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COVID-19 in Quebec: What you need to know Friday

The Quebec government has outlined how it plans to address air quality in schools today, ahead of the return to classes on Monday. Here's what you need to know.

Some restrictions easing, others coming in as students prepare for class Monday

The Quebec government will be holding a briefing today about air quality ahead of the return to class. Elementary and high school students will be going back to school on Monday. (Ryan Remiorz/Canadian Press)
  • On Friday, Quebec reported 3,085 people in hospital (an increase of 91 from the previous day), including 275 in intensive care (an increase of three). 
  • The province reported 7,382 new cases of COVID-19 and 68 deaths.
  • Since the start of the pandemic, there have been 783,102 confirmed cases and 12,193 people have died.
  • On Friday, the province also reported a total of 16,195,112 doses of COVID-19 vaccines administered, including 108,768 in the last 24 hours.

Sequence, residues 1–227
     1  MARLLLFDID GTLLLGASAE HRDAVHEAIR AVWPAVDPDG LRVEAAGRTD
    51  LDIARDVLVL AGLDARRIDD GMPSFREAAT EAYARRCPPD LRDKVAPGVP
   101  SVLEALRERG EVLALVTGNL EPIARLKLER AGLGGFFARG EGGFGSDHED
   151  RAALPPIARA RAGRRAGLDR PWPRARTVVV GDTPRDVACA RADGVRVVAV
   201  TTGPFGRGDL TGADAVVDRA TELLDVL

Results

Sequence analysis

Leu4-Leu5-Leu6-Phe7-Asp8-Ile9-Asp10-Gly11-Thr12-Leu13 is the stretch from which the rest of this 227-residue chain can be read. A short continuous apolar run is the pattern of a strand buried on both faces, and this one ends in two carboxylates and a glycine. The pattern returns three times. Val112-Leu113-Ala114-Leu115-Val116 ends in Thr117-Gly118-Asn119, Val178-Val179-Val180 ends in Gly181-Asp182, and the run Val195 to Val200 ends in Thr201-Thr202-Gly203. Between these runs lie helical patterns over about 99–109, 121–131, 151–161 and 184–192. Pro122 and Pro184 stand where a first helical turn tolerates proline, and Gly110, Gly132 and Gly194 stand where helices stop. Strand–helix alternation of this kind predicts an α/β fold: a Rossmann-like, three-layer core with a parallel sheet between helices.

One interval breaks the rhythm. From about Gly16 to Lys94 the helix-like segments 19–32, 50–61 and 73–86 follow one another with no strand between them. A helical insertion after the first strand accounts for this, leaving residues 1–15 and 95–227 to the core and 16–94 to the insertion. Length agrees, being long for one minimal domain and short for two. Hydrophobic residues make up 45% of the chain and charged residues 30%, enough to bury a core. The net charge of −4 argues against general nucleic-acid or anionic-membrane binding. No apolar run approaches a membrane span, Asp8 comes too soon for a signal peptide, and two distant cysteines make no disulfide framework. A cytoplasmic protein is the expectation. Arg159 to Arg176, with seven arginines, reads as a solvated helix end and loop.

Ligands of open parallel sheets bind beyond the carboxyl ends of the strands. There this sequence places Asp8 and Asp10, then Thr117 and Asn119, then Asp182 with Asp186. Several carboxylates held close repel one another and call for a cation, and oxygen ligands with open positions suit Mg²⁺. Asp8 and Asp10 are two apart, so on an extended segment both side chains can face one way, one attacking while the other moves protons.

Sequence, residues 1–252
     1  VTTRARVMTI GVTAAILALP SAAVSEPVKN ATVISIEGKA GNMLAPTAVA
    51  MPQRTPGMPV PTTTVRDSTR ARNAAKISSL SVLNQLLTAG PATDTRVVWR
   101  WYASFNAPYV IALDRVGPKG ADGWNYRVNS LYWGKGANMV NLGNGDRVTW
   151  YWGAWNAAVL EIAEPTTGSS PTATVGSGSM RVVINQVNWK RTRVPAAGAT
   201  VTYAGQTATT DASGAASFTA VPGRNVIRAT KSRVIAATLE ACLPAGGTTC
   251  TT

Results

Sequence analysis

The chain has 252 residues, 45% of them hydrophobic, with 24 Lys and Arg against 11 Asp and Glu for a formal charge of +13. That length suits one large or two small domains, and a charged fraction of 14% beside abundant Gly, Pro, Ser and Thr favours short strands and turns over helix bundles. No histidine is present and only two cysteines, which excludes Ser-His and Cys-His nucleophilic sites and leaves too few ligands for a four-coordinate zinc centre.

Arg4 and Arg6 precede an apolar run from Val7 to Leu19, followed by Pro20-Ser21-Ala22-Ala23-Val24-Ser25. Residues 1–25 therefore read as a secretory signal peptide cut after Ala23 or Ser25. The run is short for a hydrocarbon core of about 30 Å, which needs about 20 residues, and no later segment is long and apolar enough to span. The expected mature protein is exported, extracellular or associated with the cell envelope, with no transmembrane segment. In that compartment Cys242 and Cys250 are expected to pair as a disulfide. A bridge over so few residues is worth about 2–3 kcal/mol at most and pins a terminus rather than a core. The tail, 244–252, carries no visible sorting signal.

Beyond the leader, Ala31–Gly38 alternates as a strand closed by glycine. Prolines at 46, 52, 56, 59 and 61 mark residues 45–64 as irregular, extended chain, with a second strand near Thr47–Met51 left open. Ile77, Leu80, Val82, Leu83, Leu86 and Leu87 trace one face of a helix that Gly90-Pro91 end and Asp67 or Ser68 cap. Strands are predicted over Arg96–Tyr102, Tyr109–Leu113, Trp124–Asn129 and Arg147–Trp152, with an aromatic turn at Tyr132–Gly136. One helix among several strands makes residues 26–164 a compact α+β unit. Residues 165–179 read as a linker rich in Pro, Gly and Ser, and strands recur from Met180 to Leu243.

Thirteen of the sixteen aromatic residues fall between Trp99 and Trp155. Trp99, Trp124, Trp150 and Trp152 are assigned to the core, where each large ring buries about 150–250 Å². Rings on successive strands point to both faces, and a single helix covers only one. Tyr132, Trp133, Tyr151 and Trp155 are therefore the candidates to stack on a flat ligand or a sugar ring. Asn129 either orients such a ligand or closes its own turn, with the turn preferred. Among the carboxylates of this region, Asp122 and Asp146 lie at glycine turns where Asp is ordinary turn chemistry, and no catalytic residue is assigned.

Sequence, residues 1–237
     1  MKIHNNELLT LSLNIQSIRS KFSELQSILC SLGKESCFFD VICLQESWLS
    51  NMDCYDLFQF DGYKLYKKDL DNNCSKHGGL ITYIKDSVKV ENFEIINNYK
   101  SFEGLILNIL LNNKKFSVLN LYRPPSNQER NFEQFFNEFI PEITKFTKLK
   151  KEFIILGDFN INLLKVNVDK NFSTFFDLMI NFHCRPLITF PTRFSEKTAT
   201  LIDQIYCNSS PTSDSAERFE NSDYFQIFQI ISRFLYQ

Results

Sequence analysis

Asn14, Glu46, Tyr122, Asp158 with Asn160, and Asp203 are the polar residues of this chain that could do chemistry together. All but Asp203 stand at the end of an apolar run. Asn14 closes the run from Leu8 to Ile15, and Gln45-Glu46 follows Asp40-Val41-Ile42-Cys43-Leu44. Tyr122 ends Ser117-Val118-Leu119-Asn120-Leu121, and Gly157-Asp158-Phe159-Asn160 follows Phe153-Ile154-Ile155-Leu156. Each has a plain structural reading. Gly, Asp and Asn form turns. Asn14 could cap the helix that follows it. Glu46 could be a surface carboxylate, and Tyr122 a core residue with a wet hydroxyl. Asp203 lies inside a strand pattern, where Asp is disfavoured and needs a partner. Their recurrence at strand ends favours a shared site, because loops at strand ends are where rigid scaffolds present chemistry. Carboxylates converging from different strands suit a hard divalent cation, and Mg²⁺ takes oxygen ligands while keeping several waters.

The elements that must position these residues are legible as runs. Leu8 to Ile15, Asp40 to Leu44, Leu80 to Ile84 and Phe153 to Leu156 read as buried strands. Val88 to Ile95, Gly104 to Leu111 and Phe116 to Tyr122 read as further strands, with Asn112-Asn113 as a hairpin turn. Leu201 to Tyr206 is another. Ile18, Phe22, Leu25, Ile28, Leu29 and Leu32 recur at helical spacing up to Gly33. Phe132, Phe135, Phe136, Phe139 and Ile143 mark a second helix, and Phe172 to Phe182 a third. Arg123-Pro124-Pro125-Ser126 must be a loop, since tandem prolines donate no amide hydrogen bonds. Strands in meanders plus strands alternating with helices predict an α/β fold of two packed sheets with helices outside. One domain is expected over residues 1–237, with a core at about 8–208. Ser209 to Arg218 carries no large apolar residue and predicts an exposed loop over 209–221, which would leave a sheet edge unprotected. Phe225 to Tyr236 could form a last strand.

• 90 per cent of the eligible population in the province (ages five and up) has received one dose of the vaccine, 82 per cent have received two doses, and 29 per cent have received three doses.

The new cases represent those reported to the Quebec government only. They are believed to be an underrepresentation of the virus's spread, given the limited availability of PCR tests and use of home testing kits.

The Quebec government said CO2 readers will be coming to classrooms this coming week, to better assess the ventilation needs of schools.

Schools with elevated levels of CO2 in their classrooms will be able to request an air exchanger from the government. Officials said no request would be denied.

The opening of windows was also once again recommended, though officials said the temperature in classrooms shouldn't fall below 20 C.

As for N95 masks, officials are still not recommended them, saying there are concerns about whether or not they would be used correctly. The masks needed to be fitted to each person and can become uncomfortable after long hours of wear.

However, the government said the masks would be made available to those teaching at special needs schools, where students may not be capable of following other measures.

Dr. Yves Jalbert, the deputy director general of public health protection with the Health Ministry, said that most of the time, teachers are infecting students, not the other way around.